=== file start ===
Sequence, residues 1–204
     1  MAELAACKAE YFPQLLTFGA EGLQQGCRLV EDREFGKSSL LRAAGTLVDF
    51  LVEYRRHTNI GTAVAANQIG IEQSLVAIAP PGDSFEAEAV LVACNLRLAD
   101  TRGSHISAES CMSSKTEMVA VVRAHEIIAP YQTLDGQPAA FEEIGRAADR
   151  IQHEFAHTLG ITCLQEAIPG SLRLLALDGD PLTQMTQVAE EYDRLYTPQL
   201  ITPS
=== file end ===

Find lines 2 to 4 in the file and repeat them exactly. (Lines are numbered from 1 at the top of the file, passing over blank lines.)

     1  MAELAACKAE YFPQLLTFGA EGLQQGCRLV EDREFGKSSL LRAAGTLVDF
    51  LVEYRRHTNI GTAVAANQIG IEQSLVAIAP PGDSFEAEAV LVACNLRLAD
   101  TRGSHISAES CMSSKTEMVA VVRAHEIIAP YQTLDGQPAA FEEIGRAADR